Student government, student union, Houston and other Grambling State students

work to aid families, friends in need


Grambling State University students are going door to door in campus dorms this week, and not to just visit. These students are seeking donations to help victims of Hurricane Harvey. IMG_5301

When news spread about Harvey’s devastating winds and flooding in Houston and southeast Texas, several GSU students decided they had to help. About three percent of the school’s students are from the Houston area, and some of their families have been hurt. GSU Student Government Association President Adarian Williams was on the phone and meeting with Grambling State students as he discussed options with student leaders from across the University of Louisiana system of nine institutions.

“This initiative allows our administration, faculty, staff, student, and citizens of the surrounding areas to donate non-perishable food items, toiletries, clothing and other items needed to assist those during this difficult time,” said Williams. “We would like to thank the donors who have given kindheartedly and extensively to ensure that the affected areas are restored following Hurricane Harvey.”

Williams worked with Jimmitriv Roberson, Miss Grambling State University; Ja’Mariea Miller, Miss Cover Girl; Morilyn Fontenot, president of the Favrot Student Union Board and other students to quickly develop a campus-wide food and supply drive. Student leaders are picking up donations at dorms, and students and community members can drop off donations at the Favrot Student Union’s Tiger Den from 8 a.m. to 5 p.m., and at the Tiger Express from 10 a.m. to 10 p.m.

Students Veronica Sanders and Jeffery Harris, both Houston, Texas, natives said they were extremely emotional about the state of their city. The storm and its aftermath had a direct impact on Harris, who said he knows his life will be changed though his family asked him not to worry while at school.

“I remember hearing the stress and hurt in my mother’s tone as she spoke to tell me they were packing to leave. I could remember hearing the same in my grandmother’s voice as she would tell me, ‘Everything is going to be alright,’” said Harris.

Though he’s concerned about his own family, Harris said it is important that he be a part of gathering donations to help Houstonians and others.

“Hurricane Harvey has affected my family tremendously and it has destroyed our home, car, and washed away our hard-earned belongings,” he said. “Personally, it is a battle everyday trying to cope with the fact of losing so much, but I do manage because I depend on the word of God … I’m rejoicing that my family’s lives are not lost. God spared them. For that I am eternally thankful.”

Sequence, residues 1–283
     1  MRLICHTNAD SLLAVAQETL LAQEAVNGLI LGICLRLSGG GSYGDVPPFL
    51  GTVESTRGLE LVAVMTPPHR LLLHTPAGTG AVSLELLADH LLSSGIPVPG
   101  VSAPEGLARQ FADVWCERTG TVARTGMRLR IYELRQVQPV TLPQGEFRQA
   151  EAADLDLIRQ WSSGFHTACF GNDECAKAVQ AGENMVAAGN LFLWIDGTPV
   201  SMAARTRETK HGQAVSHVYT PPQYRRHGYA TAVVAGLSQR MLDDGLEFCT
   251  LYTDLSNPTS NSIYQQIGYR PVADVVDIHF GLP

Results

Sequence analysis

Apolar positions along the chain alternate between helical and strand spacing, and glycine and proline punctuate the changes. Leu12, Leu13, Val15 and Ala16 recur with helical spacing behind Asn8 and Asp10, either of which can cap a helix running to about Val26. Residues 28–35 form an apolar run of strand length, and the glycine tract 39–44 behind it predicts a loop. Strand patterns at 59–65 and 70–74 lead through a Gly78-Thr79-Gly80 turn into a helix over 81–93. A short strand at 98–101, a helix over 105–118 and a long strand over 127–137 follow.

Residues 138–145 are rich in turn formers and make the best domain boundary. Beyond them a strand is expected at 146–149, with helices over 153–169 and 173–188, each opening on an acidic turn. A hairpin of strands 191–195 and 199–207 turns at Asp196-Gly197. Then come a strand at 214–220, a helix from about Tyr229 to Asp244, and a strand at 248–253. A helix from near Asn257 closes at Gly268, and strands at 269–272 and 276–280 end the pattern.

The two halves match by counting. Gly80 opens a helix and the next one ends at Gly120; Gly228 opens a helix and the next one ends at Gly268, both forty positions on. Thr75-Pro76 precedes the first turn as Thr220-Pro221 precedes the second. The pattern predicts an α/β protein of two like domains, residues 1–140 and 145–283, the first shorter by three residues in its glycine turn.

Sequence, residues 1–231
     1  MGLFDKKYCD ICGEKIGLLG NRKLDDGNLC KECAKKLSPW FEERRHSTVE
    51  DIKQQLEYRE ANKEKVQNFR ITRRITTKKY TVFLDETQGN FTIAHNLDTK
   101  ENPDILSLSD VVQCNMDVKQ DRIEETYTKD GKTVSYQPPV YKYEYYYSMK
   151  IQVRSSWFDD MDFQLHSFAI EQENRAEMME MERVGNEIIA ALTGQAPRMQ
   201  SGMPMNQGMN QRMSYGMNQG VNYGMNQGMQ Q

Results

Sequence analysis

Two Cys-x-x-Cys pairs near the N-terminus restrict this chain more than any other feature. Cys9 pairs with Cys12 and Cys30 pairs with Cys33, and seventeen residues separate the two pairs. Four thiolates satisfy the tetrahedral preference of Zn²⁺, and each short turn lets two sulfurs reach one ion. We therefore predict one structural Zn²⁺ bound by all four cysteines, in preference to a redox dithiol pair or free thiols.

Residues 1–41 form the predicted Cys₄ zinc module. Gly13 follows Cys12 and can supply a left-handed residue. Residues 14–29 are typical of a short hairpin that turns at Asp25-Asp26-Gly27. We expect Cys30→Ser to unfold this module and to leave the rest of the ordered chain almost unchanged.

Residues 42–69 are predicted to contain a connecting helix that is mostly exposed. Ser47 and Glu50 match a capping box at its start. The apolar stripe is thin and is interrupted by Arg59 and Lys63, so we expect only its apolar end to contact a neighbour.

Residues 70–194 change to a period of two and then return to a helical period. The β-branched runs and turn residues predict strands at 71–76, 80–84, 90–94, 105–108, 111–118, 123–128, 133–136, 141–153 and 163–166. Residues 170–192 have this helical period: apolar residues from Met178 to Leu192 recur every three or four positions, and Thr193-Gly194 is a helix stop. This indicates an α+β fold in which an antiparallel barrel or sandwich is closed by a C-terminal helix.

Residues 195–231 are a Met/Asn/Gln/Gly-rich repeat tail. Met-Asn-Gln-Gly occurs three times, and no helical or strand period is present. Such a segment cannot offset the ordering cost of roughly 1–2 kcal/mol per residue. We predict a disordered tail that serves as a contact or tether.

Sanders’ family was more fortunate, but she is heartbroken about what she sees happening back at home. “One moment everything in my city was fine and then in the next breath I look up, scroll on social media, and my friends are tweeting that they need to be rescued,” said Sanders. “Although my immediate family was not directly affected at all by the hurricane, I still was in a state of shock and remorse for a day or two…”

Williams, a member of the Universities of Louisiana Student Advisory Council and a member of the Louisiana Board of Regents, worked with system SGA leaders as he worked with GSU campus leaders and students. He helped decide what the system would do and assisted with the drafting of a statement. The council agreed to host a fundraising drive for Hurricane Harvey relief during three intersystem football games this weekend. According to a news release, funds raised “will be placed in the University of Louisiana System Foundation’s Hurricane Harvey Relief Fund and distributed to impacted students in the Houston area.”

“The human spirit really comes alive in the midst of disaster and with on of the largest university systems in the nation, it only makes sense to come together for our neighbors in Texas,” UL System Board Member and Louisiana Tech SGA President Ben Rice said in the release. “Louisiana has felt the pain of disaster and this is the perfect opportunity to pay it forward.”

In an interview, Williams added, “The time is now that we work together to exemplify that we are one, and that we are here to help.”